The final forecast, released Thursday, called for 14 named storms and seven hurricanes. They also predict three major hurricanes.
A tropical system becomes a “named storm” when it reaches tropical-storm strength, which means maximum sustained winds of at least 39 mph.
A tropical storm then becomes a hurricane when maximum sustained winds reach a speed of 74 mph. A “major” hurricane is a Category 3, 4 or 5; a hurricane reaches Category 3 strength with maximum sustained winds of 110 mph.
Klotzbach and his team based their forecast on historical hurricane season data from the past 29 years.
The median number of named storms over that time frame is 12; the median number of hurricanes is 6.5 and the median number of major hurricanes is 2.
Two sounds a lot better to me than three.
Maybe I have a little hurricane anxiety.
Stories like this don’t make me particularly happy. My home base of Charleston has seen more than its share of hurricane activity the past few years.
In 2015, we had massive flooding through much of South Carolina in what was called a “1,000-year flood,” in reference to the biggest flood one might expect over a 1,000-year time frame. It wasn’t because of a direct hit from a hurricane, but meteorologists said Hurricane Joaquin, which was still off in the Atlantic, was fueling the constant rains as moisture from that system was being pulled ashore from a low-pressure system.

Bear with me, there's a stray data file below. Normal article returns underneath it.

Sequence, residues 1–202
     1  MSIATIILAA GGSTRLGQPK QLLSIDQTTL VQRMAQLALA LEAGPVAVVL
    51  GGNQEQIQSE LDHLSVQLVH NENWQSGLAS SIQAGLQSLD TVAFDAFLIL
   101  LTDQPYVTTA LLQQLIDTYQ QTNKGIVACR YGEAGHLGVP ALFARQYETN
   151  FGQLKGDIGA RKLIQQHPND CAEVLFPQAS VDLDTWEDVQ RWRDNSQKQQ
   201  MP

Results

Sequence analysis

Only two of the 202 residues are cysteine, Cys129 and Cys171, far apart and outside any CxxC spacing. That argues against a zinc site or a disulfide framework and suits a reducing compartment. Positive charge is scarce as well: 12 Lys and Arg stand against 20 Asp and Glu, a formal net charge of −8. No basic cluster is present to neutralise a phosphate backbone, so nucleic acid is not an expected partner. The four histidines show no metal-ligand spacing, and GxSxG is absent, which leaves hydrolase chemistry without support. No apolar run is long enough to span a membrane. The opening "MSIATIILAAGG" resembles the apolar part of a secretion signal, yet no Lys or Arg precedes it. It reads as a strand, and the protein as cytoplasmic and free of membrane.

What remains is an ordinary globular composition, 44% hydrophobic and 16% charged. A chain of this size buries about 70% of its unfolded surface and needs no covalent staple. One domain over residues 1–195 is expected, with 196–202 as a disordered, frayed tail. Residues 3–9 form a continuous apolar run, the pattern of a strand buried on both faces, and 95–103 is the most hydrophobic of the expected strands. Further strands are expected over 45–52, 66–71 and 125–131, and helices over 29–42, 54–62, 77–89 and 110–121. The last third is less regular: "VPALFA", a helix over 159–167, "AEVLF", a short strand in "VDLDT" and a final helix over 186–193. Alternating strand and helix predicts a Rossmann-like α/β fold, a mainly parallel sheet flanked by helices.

In 2016, we had Hurricane Matthew, which did make landfall as a Category 1 hurricane near the area where Hurricane Hugo, a devastating Category 4 hurricane, made landfall back in 1989.
Just last year, there was Hurricane Irma, which caused more damage and more flooding in our area.
I’m ready for a break from hurricanes.
For years, I always said people would have to be crazy to live on the Atlantic coast where hurricanes could strike. I’ve been in Charleston now for 11 years. To be fair, it’s really only been in the past three years that there has been any significant hurricane activity.
But three years in a row is more than enough for me.
It’s not an exact science.
The forecast addresses a commonly-asked question: Why release a forecast at all? “People are curious to know how active the upcoming season is likely to be, particularly if you can show hindcast skill improvement over climatology for many past years,” it states.
An educated guess might just be better than no guess at all. It’s important to remind people that hurricanes are a possibility, even if most would assume that’s information everyone would know.
In 2017, the team initially predicted 11 named storms, four hurricanes and two major hurricanes. Those numbers were eventually updated to 16, eight and three respectively.
There were 15 named storms last year, 10 of which were hurricanes and six of which were major hurricanes.
Let’s all hope that reality for Hurricane Season 2018 indexes below the predictions!
Patrick is a Christian with more than 26 years experience in professional writing, producing and marketing. His professional background also includes social media, reporting for broadcast television and the web, directing, videography and photography. He enjoys getting to know people over coffee and spending time with his dog.